How Long You Should Rest Between Tennis Matches
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If you’re looking to begin playing tennis or are an active player who has become exhausted after practice, you may be wondering how long you should rest between tennis matches. Giving your body enough time to recover after high-intensity workouts like tennis prevents short-term and long-term damage to your body. Incorporating regular rest and recovery practices will help your abilities and your health.
During the Game
How often you rest during your game can depend on multiple factors. The first you should consider and hold above all else is how you feel. If you’re in pain or need to step away, do so. However, if you’re training for a competition, incorporating the break limits you will be allowed during the match will prepare you for the experience to come.
If you do step away during the game, take at least one minute to sit down on the tennis court benches provided for precisely this need. Give yourself time to recover your breath and drink water as needed throughout the match. Use this opportunity to take a restroom break in long matches or to stretch and loosen your muscles with special focus on getting the blood moving in your forearms. Proper stretching before and during the match is key to preventing elbow inflammation, also known as tennis elbow.
After the Match
Immediately after a match, your body is beginning the process of recovery from the damage it has received from your intense exercise. Focusing on consuming carbohydrates and protein within a half-hour of the match will assist your muscles in their repair. Continue to hydrate regularly throughout the day, especially on sunny days or when you have a sunburn after playing.
How long you should rest between tennis matches will depend on how frequently you play and how well you refuel your body after a match. As you build up the frequency of your play, you can begin to play more days back-to-back, though it’s still better for you to take two days a week off from tennis to let your body recover. For players with less experience, limiting play to three days a week and supplementing with other, less intense exercises on days off is wise.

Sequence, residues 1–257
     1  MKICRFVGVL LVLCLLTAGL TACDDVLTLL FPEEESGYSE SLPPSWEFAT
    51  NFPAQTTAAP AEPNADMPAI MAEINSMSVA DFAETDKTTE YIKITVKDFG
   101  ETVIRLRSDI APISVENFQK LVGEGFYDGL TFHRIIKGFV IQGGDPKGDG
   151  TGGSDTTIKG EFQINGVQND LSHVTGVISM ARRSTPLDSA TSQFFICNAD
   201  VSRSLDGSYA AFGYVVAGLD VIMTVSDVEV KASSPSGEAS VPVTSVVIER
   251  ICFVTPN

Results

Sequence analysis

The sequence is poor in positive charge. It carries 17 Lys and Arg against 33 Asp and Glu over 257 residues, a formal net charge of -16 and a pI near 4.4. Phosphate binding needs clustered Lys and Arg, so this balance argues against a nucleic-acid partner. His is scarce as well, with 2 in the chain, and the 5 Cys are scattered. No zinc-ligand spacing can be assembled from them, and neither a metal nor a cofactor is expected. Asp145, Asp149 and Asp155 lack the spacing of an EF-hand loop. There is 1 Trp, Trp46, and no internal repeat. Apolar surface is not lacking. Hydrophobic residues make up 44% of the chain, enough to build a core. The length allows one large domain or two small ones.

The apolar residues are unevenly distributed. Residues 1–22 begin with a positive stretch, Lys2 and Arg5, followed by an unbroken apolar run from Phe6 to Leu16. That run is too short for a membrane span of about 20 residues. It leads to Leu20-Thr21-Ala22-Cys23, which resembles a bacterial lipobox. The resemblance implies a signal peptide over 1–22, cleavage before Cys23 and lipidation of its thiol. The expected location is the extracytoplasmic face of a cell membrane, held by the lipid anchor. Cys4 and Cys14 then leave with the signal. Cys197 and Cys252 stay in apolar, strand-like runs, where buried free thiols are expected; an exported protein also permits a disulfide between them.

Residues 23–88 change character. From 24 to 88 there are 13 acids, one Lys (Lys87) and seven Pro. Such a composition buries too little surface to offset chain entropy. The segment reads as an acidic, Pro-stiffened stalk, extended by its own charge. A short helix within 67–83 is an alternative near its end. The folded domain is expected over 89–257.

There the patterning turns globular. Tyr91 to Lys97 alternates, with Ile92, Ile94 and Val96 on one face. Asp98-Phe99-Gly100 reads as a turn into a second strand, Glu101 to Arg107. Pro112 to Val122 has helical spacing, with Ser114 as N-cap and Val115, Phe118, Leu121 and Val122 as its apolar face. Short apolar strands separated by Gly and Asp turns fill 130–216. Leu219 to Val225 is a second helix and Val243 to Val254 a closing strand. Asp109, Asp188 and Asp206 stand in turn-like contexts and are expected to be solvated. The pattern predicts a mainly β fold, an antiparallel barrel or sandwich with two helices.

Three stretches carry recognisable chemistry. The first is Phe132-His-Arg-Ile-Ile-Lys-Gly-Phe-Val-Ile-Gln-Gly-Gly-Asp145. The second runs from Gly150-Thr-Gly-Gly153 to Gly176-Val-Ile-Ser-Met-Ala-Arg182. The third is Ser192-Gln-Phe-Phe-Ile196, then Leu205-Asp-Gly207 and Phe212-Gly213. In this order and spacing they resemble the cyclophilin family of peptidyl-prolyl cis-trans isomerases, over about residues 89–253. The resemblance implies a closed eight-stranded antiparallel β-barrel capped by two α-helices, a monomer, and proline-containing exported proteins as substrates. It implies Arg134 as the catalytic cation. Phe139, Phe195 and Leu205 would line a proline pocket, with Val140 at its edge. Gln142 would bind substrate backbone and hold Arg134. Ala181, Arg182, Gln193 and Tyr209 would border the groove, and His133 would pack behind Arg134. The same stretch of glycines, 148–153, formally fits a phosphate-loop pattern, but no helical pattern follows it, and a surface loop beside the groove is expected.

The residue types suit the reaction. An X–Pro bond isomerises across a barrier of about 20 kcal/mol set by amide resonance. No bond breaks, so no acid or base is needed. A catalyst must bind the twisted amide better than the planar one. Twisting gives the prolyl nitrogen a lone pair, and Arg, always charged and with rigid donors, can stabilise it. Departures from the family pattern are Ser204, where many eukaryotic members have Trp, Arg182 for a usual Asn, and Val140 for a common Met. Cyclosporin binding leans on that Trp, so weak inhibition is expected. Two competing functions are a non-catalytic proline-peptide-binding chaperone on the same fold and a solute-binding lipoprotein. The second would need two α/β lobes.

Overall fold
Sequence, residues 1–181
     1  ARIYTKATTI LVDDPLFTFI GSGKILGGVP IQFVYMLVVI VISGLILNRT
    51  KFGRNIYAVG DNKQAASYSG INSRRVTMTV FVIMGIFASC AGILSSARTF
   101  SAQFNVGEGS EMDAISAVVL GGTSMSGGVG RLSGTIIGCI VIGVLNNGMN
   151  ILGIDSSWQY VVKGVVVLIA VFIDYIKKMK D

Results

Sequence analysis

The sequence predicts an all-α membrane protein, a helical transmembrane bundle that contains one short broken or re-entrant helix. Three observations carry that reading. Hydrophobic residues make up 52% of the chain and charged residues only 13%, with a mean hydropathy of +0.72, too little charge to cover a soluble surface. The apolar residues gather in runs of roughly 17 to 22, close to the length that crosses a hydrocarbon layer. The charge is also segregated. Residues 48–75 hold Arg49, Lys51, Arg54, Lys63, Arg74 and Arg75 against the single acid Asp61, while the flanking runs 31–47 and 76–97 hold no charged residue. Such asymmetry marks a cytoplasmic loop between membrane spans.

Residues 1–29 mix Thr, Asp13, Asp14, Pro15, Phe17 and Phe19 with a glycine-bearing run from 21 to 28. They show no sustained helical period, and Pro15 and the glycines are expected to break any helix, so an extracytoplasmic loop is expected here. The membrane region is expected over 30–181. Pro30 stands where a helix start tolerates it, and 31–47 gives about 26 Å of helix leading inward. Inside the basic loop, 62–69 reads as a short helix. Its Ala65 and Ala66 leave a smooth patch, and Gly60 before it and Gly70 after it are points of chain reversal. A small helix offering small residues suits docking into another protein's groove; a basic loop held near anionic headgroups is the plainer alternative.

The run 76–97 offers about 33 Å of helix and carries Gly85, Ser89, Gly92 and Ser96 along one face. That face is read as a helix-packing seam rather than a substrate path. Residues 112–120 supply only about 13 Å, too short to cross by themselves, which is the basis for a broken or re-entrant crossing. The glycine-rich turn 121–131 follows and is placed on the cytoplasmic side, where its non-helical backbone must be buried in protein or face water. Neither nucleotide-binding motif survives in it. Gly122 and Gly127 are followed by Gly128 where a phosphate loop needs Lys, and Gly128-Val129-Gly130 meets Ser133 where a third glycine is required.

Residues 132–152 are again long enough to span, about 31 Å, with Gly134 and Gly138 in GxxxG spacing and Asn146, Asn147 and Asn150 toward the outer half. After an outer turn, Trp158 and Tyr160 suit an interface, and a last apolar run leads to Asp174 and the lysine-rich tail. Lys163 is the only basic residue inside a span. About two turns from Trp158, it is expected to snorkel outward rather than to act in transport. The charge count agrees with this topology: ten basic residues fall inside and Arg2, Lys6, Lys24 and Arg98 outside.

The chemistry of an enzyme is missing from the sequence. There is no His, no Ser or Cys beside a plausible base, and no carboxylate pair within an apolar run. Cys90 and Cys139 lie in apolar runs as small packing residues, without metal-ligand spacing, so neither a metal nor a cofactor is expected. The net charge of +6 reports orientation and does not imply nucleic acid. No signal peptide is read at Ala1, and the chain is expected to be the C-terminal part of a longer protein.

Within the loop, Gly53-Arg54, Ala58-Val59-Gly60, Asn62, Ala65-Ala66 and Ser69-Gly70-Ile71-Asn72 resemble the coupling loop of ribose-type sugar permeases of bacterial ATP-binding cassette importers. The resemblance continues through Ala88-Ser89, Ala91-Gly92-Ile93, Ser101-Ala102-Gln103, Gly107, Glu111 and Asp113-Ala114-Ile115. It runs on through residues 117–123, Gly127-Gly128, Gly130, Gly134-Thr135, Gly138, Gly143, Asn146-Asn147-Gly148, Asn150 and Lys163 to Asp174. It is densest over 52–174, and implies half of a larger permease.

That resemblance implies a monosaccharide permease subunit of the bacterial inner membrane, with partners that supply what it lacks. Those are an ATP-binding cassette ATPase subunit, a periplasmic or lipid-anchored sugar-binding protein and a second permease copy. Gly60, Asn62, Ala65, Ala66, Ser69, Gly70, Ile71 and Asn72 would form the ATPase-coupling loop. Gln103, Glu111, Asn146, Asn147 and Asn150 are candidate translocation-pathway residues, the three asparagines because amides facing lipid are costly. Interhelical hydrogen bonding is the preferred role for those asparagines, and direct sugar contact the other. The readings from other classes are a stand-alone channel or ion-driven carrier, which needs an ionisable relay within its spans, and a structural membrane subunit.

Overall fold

Before the Next Match
The day you return to practice, prepare so that you won’t need as much recovery time afterward. Getting adequate rest will keep you mentally alert and physically ready to play. Drinking water two to three hours before you work out will give you enough fluid to sweat without leaving you dehydrated during the match. Finally, eating cautious amounts before a match will give your body a reserve to dip into as you play.
No matter the quality of equipment you bring to the court, maintaining a great game boils down to keeping your body in its best possible condition and respecting the fact that such a highly complex machine needs a break. Be mindful of your limits and pay attention to the signals your body is sending you so that you can enjoy tennis for years to come.